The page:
Training Tuesday: 11/30/21
4 min read

Training Tuesday: 11/30/21

Welcome to the first edition of Training Tuesday. In this segment I'll be reviewing recent and relevant literature on sport science as well as insight from my own training and coaching practices.
Training Tuesday: 11/30/21
Photo by Tyler Domingue / Unsplash

News & Research:

Cryostimulation for Post-exercise Recovery in Athletes: A Consensus and Position Paper
Recovery after exercise is a crucial key in preventing muscle injuries and in speeding up the processes to return to homeostasis level. There are several ways of developing a recovery strategy with the use of different kinds of traditional and up-to-date techniques. The use of cold has traditionally…

A while ago people were asking me about cold therapies and I pooled some literature, but haven't gotten around to shuffling through it yet.  Then, this review (thankfully) crawled across my news feed.

Dealing specifically with cryostimulation (cryo-chambers rather than cold-water plunges), the literature is back and forth regarding benefits in anti-inflammation though there does appear to be a general anesthetic component (due to decrease in skin temperature) which makes people "feel better."

Now, that perception of improved wellness isn't rubbish.  If you feel better, you may function better, though, of course we'd be well served to remember (or find out) why we're inflamed in the first place.  That is, we want to actually be recovering (long term) and not just distracting our minds from our body's (damaged) condition.

It does look like there are positive effects on DOMS (delayed onset muscle soreness) and sleep quality, or at least the perception of sleep quality.  However, there is limited and / or conflicting literature on direct improvements to strength and performance.  Obviously though, if you're more recovered you're going to perform better.

Cold plunges are a bit of a different animal, and there is some good literature on brown adipose tissue and mitochondira activation, as well as (limited and temporary) hormonal changes.  I asked some folks much smarter than me, and we came to an agreement.

All the tech toys, like infrared lamps and portable plunge tanks, are super cool.  However, they're environmental supplements.  Just like pharmaceutical or other nutritionally derived supplements, they're often lacking the synergy provided by the naturally occurring equivalent.  If it's cold in your local climate, there's your cold exposure.  If it's July in Florida, it's a sauna.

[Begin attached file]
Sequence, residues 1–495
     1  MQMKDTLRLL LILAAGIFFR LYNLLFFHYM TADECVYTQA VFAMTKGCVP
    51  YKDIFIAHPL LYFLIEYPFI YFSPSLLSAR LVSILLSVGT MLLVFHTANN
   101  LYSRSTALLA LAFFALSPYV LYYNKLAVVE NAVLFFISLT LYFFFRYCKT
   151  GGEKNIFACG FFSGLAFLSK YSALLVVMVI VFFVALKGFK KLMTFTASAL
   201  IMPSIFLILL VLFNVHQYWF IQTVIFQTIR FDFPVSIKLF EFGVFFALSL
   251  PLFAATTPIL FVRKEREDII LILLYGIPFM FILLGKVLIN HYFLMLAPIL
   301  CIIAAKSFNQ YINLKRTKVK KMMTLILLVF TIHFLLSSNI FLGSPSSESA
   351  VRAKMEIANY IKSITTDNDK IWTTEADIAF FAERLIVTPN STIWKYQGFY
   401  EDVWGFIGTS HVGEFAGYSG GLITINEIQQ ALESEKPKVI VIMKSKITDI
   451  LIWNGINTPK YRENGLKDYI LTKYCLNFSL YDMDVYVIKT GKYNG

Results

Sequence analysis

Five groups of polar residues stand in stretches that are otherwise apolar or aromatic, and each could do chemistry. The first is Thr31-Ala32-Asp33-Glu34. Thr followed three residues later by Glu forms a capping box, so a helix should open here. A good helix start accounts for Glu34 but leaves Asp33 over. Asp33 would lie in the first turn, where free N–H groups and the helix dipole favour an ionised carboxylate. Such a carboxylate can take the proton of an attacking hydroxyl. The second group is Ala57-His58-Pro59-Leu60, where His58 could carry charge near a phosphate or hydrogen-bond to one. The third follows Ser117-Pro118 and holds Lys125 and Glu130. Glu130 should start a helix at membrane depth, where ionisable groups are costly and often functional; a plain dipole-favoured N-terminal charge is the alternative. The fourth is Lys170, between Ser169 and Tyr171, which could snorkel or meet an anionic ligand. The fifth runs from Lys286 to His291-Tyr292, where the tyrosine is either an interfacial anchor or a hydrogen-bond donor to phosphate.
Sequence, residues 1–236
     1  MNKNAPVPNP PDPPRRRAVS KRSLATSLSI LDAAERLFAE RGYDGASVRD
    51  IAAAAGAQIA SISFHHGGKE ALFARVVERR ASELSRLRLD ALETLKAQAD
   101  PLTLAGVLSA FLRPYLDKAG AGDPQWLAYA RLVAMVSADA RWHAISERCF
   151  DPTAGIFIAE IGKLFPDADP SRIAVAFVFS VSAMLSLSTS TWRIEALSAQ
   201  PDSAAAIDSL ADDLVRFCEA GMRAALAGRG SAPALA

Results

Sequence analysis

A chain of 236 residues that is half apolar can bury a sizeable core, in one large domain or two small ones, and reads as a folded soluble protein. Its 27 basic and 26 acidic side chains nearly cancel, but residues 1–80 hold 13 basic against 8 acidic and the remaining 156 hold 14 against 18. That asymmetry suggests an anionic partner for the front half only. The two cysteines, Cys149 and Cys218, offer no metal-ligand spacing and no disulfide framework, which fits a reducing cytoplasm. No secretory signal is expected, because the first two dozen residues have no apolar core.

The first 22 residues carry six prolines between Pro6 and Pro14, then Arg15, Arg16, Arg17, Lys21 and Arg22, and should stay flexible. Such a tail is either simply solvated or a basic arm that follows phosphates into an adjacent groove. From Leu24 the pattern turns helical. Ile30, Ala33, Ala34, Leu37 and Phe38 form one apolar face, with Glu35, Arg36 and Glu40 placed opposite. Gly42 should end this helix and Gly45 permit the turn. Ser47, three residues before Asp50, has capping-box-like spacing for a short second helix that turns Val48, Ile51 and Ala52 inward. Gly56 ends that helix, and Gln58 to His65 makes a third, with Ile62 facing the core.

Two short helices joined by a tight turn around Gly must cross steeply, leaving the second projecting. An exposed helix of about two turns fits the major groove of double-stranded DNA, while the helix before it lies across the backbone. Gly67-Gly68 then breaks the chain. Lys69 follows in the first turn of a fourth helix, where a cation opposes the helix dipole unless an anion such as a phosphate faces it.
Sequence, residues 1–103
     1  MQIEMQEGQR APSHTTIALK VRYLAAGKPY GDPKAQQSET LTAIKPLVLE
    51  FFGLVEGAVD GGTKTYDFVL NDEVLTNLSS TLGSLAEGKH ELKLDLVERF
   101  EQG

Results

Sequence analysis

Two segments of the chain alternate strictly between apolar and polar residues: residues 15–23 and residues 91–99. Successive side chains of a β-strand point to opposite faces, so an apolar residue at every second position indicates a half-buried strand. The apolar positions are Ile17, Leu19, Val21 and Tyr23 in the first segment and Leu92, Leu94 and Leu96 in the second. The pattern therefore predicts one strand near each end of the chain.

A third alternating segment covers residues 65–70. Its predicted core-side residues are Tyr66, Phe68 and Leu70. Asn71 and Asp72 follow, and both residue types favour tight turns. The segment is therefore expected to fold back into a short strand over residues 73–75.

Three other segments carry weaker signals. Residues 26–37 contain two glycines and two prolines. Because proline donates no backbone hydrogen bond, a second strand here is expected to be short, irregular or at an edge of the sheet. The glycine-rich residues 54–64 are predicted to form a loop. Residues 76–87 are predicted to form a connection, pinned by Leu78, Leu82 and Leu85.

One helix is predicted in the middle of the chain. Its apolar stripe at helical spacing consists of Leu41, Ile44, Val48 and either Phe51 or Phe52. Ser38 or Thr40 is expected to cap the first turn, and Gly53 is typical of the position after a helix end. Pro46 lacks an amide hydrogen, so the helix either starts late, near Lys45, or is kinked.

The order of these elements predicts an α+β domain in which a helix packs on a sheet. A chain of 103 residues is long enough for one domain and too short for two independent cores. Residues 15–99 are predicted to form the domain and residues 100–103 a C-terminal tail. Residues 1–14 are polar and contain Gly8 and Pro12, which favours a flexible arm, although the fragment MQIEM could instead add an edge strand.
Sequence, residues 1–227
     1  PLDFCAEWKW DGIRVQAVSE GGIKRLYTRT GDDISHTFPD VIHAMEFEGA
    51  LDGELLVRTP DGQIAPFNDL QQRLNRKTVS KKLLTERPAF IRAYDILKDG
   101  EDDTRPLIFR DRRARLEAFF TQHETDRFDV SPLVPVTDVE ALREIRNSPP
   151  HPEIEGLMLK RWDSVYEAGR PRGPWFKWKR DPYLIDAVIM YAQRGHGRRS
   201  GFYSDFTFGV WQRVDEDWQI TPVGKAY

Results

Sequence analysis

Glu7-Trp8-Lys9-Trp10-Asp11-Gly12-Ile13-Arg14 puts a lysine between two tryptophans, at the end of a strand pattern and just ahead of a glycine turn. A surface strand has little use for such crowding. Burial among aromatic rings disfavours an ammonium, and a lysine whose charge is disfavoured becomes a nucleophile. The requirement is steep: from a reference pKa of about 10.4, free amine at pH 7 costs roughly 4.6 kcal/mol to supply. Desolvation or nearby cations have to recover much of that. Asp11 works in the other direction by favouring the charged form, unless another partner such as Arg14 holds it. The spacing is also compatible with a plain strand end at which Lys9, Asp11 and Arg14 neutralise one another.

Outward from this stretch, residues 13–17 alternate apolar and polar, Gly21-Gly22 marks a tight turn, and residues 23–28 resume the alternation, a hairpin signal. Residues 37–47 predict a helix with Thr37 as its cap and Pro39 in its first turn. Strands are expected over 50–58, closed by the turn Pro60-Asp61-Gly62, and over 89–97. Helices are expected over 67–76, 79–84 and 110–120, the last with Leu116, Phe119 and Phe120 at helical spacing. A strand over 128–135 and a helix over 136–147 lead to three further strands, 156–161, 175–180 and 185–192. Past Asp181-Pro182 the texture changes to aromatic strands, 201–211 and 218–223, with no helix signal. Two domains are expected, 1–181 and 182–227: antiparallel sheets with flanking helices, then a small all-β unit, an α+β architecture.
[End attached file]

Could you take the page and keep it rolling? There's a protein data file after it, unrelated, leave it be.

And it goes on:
So, the punchline for me is that if we're spending adequate time outdoors (either for Vitamin D, grounding, exercise, or nature exposure) we're likely getting sufficient environmental hormesis.  Supplements are supplements, not replacements.  We must always ask, what is the root cause?  And, to what end / at what cost am I using this supplement?

This weekend I'll be (virtually) attending an Essentials of Personal Safety course by Tony Blauer / Blauer Tactical.  I have been a long time fan of Tony's and have been enrolled in his Garage Gym program for about two months and am planning to pursue PDR (personal defense readiness) trainer certification through SPEAR as well.

Since the event is virtual, I don't think there's a cap on registration.  For $50 (for your entire household) and 2 hours on a Saturday afternoon (if you're on the East Coast US); it's well worth the investment.  You can register here – I don't have any affiliation with Tony / SPEAR (yet!), I just strongly believe in the work he's doing.


The Locker Room:

I've republished several of my earlier training articles from past years.  There is a lot of prose and discussion in these posts, much more than technical details.  That endeavor is better served on a platform like YouTube.

Returning to BJJ
BJJ is what I’ve spent the most recreational time investing in and thereby paying returns to myself. Climbing might be a close second, but a lifetime ago and one could argue that you can take the fighter out of the cage, but never the cage out of the fighter.
Deadlifts for Climbing
Climbers want to get strong right? Actually, we probably want to climb “harder” and “get better at climbing” and believe that “getting stronger” will get us there, right? Deadlifting has been pretty in vogue in climbing training circles for a while now, so I’m offering a bit of salt to
Making Climbing Special Again
Exercising soul sports and try-hard.
Easy Strength Review
Easy Strength, a.ka. Even Easier Strength, a.k.a. The 40 Day Workout, a.k.a. the program so effective you won’t finish it.

In the future I'm planning on adding some member-only content that will include more specific / programmed regimens – "proven plans" if you will.  These will still be free, the membership simply consists of subscribing to the newsletter here on Ghost.


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